India v Australia, 3rd Test, Delhi, 2nd day October 30, 2008

Watson found guilty in elbow incident

Cricinfo staff
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Gautam Gambhir's hearing has been adjourned until Friday morning © Getty Images
 

Shane Watson, the Australian allrounder, has been fined 10% of his match fee after being found guilty of breaching the ICC Code of Conduct during an incident involving Indian opener Gautam Gambhir on the first day of the second Test in Delhi. Gambhir's hearing has been adjourned until Friday morning so that match referee Chris Broad can review the evidence.

Gambhir had a series of verbal clashes with Watson during the post-lunch session and then ran into him when trying for a second run in the 51st over of the Indian innings. Gambhir later said elbowing Watson in the chest " wasn't deliberate " but he was charged with a Level 2 offence for not conducting play "within the spirit of the game as well as within the laws of cricket". Watson was slapped with a Level 1 charge under the same offence.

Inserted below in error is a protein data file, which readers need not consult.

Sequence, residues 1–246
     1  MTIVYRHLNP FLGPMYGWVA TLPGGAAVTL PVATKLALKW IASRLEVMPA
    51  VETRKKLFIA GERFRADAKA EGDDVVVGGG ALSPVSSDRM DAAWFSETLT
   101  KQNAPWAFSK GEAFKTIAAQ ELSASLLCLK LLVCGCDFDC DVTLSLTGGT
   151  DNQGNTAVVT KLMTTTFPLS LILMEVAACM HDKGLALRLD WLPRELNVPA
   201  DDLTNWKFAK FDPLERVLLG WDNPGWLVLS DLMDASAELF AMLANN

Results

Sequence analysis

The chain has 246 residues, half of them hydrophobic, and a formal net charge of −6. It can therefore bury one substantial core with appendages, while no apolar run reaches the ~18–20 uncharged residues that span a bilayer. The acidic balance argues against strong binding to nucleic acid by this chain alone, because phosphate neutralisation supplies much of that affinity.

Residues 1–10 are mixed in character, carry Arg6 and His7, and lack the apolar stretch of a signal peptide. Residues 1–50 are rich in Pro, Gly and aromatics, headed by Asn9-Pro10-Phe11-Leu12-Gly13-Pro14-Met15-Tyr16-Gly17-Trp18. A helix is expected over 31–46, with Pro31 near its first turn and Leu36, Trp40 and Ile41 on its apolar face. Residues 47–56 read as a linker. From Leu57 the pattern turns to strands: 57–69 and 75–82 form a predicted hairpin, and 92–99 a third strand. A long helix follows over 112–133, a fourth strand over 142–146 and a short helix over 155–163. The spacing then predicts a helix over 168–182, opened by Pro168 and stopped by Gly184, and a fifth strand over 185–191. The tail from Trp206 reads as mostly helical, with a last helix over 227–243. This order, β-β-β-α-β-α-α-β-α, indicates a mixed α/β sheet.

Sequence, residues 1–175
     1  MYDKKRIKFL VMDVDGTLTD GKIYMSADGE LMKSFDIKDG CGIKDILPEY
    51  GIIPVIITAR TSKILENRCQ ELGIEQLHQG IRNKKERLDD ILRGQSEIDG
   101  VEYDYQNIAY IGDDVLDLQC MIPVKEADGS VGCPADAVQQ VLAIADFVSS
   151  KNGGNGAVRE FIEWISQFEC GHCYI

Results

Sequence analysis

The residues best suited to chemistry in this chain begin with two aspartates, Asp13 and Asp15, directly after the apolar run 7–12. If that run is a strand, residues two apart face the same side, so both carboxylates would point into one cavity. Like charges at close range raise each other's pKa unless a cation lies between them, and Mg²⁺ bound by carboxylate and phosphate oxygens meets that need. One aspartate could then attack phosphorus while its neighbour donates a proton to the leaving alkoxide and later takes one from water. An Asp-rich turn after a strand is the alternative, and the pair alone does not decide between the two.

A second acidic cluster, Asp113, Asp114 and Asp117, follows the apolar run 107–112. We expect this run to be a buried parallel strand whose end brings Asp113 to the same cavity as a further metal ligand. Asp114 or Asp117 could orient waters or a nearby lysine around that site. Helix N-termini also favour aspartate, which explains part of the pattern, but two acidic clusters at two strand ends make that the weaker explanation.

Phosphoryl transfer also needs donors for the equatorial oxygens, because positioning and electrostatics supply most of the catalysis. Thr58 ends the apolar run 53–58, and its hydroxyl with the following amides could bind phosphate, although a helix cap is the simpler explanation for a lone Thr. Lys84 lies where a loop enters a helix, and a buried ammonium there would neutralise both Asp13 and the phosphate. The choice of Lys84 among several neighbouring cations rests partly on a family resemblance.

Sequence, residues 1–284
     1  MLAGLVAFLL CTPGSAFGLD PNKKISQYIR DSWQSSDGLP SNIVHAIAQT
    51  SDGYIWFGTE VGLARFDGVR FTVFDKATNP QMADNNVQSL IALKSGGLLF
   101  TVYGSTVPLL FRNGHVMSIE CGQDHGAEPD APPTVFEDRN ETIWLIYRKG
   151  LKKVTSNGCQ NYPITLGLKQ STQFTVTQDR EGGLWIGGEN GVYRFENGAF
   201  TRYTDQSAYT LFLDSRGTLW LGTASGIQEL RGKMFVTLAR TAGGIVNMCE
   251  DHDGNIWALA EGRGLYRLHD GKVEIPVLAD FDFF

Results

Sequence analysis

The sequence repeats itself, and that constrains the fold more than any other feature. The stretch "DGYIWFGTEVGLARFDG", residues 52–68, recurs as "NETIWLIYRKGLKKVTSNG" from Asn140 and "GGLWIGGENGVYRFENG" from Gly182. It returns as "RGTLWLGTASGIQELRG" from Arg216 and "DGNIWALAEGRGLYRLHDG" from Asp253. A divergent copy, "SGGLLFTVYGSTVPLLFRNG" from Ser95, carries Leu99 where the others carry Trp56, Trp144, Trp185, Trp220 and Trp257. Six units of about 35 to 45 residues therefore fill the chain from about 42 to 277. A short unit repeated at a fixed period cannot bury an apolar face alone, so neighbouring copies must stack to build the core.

Watson pleaded not guilty to the offence during his hearing but Broad found him "guilty of verbally engaging with Gambhir in a manner that was not in keeping with the spirit of cricket". There is no right of appeal for Level 1 offences and the match referee's decision is final.

Gambhir, however, pleaded guilty to the charge and he could face a ban of one Test. Level 2 penalties range from a fine of between 50 and 100% of match fees and/or a ban of one Test or two ODIs but the player has the right to appeal against the decision within 24 hours.

The umpires Billy Bowden and Aleem Dar laid the charges against Gambhir and Watson along with the TV official Suresh Shastri. However, they did not lay charges against Gambhir and Simon Katich after the two were involved in a heated argument after tea on the first day. Katich appeared to have halted Gambhir from taking a run - and the pair was separated by Bowden.

Gambhir was fined 65% of his match fee for an incident in 2007 when he barged in to Pakistan bowler Shahid Afridi while batting in a one-day match in Kanpur. He was found guilty of a Level 2 charge of inappropriate and deliberate physical contact between players and was also ruled to have breached a Level 1 condition of not conducting play with the spirit of the game.